• CO2 is a greenhouse gas.
  • All other factors held equal, adding more CO2 to the atmosphere will cause the bulk temperature of the atmosphere to rise.
  • Natural factors will often totally obliterate any trace of this effect, but it is real and can’t scientifically be killed.

    The best we can do is to try to prevent our government from reacting in the stupidest possible way (Green New Deal, etc.).

    Reply to  David Middleton
    May 4, 2019 9:17 am

    Not a good strategy, merely a rear-guard action.
    In such a fight in history someone always takes the lead. Right now Trump is taking the point. He is attacking right where the enemy feels it.
    It is after all irrelevant what CO2 can or cannot do – it is strategic to beat this thing for once and for all.
    Now see Trump’s tweets just this week, first about UK Intelligence, now about working with Russia, China, and telling both parties to get back to work on infrastructure. Winning!

    Greta may claim to see CO2, but the joke is most adults do not even see the smoke of battle!

    Reply to  bonbon
    May 4, 2019 9:30 am

    The only way to “beat it” is to take limited action (coal with CCSU, more natural gas, more nuclear) and claim credit for the lack of catastrophic warming… Which would have happened anyway.

    This way we could demonstrate that all of their “cures” are worse than the supposed “disease”.

    Reply to  David Middleton
    May 4, 2019 9:38 am

    David Middleton

    Tragically, sceptics are forced to hope for just what we don’t want, a cooling cycle, to persuade the asylum ready alarmists that no one can do anything about climate change.

    Maybe we should use some reverse psychology, make some placards and march the streets, calling for a big freeze “NOW”.

    Kurt in Switzerland
    Reply to  David Middleton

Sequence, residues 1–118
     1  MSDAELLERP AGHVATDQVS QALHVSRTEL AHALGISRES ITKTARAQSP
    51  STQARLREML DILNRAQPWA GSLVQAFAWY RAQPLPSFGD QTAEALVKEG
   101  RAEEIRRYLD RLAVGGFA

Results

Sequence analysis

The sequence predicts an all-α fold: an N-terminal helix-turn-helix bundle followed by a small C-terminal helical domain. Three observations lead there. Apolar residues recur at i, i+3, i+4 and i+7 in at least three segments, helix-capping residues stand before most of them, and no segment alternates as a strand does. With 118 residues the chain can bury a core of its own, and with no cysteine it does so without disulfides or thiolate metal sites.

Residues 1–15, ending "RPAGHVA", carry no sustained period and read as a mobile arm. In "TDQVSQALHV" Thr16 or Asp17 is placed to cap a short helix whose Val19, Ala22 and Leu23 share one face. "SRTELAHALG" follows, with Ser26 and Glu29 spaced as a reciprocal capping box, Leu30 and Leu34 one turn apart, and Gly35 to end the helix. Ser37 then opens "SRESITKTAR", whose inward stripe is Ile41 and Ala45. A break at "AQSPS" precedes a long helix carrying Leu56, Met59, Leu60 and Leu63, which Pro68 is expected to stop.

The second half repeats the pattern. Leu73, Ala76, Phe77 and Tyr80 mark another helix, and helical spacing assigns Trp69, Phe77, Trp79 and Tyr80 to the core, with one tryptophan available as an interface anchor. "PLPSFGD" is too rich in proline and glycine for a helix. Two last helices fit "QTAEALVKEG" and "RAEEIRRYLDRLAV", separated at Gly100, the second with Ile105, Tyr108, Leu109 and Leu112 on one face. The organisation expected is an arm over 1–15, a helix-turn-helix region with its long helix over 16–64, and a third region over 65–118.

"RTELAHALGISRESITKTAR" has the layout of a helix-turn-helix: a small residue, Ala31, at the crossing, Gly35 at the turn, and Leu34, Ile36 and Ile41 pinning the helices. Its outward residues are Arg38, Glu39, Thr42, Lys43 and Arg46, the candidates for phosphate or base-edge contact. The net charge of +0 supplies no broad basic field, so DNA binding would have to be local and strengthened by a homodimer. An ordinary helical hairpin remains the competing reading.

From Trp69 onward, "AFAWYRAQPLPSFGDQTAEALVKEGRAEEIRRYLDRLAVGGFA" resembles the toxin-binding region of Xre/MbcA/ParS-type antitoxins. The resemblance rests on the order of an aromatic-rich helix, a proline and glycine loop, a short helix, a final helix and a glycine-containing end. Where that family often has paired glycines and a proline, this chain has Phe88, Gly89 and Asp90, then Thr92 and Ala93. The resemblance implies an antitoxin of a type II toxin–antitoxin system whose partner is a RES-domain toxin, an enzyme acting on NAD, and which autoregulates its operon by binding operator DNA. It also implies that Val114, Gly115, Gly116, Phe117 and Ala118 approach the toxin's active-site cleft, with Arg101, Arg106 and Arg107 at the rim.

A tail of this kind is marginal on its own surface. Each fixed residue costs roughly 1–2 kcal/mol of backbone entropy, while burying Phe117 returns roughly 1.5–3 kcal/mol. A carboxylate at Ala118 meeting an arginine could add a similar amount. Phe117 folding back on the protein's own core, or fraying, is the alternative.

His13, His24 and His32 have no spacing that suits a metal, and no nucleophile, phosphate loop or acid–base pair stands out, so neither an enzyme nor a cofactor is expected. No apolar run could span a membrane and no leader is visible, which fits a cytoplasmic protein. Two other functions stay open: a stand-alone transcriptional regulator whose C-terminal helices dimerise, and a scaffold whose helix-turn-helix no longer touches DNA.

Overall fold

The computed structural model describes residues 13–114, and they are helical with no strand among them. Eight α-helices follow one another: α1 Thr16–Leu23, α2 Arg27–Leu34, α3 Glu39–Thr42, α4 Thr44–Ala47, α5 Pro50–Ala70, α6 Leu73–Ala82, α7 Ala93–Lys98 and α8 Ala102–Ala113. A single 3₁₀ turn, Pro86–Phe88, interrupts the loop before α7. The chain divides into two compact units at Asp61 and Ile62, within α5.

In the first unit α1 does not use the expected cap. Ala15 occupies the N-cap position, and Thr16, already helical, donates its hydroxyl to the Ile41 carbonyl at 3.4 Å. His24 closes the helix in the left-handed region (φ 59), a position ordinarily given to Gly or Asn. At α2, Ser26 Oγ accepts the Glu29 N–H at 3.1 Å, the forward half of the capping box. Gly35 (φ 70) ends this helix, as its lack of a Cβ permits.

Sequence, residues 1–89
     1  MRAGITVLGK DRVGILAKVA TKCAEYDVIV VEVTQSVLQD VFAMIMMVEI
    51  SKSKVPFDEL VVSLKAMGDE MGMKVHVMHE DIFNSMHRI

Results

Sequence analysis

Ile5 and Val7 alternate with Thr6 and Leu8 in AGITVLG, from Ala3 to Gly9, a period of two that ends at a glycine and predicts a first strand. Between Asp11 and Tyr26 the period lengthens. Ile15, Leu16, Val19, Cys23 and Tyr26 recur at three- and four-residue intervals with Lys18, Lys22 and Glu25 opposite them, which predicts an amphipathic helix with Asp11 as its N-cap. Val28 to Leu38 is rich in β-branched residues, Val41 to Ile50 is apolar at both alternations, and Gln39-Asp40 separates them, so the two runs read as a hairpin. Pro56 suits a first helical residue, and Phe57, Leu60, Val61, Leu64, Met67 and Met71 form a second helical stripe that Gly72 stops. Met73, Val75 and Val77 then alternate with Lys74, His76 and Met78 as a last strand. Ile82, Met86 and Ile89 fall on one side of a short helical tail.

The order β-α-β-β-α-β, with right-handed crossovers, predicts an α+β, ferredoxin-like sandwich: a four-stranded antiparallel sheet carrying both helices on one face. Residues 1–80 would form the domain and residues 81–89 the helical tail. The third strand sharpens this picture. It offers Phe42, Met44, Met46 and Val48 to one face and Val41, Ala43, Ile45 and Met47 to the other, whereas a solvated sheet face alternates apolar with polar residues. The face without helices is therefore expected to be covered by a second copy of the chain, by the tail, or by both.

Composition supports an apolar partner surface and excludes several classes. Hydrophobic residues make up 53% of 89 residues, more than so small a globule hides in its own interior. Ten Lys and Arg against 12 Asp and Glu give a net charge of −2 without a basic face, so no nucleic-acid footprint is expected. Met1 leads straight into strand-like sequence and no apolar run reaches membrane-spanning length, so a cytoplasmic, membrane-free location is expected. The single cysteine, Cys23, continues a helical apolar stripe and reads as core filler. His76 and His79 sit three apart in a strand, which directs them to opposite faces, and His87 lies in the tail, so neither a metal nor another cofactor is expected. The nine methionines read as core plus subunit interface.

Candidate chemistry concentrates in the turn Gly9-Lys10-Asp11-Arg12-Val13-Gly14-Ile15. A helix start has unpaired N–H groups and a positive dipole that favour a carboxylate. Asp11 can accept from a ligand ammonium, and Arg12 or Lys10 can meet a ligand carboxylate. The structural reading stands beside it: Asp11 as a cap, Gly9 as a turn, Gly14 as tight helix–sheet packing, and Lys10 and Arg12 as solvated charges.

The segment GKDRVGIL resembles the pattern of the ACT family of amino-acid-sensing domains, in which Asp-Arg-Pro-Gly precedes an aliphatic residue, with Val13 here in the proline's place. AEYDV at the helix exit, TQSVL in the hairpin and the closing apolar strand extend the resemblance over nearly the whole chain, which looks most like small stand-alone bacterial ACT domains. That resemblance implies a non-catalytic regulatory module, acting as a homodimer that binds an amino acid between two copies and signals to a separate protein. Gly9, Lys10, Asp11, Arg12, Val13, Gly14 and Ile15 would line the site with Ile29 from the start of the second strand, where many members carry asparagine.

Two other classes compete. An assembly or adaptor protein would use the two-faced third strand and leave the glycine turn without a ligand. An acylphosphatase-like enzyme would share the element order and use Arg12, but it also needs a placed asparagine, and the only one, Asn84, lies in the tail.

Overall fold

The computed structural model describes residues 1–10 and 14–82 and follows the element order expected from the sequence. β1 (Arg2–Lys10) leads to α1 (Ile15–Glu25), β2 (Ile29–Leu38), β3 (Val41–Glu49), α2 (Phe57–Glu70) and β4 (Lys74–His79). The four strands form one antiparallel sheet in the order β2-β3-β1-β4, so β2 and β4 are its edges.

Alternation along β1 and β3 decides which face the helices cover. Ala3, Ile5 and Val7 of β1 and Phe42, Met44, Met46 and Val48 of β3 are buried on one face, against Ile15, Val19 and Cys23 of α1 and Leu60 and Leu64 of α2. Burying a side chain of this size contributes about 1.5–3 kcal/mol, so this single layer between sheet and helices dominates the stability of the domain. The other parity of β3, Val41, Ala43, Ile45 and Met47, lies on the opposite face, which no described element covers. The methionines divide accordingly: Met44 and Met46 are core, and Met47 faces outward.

May 4, 2019 9:47 am

    You said, “The best we can do is to try to prevent our government from reacting in the stupidest possible way (Green New Deal, etc.).”

    I think we can (and must) do better. We need to separate environmentalist-conservationist philosophy and actions from ostensibly climate-protecting philosophy and actions.

    The former addresses real and important threats, whereas the latter is a house of cards, built upon unvalidated models and doomsday scenarios which have failed remarkably to manifest themselves. If the “Green” movement is incapable of a reform, then let the Climate Realists and Libertarians provide the catalyst to do so.

    Reply to  Kurt in Switzerland
    May 4, 2019 9:58 am

    The problem is in demographic trends.

    Kurt in Switzerland
    Reply to  Kurt in Switzerland
    May 4, 2019 10:34 am


    “The problem is in demographic trends” won’t do.

    That sounds defeatist at best. The “other” demographic which you apparently don’t hold in high esteem is (IMHO) indeed capable of grasping that throwing yet more money and resources at climate science / climate protection, etc. would accomplish precious little for the environment even as real environmental crises fester without nary a peep. The environmentalist movement has been de-facto hijacked by climate zealots and their cronies (e.g., from the “CleanTech” industry. It is a monstrous machine, which has corrupted science and environmentalism through its marriage to politics (and industry).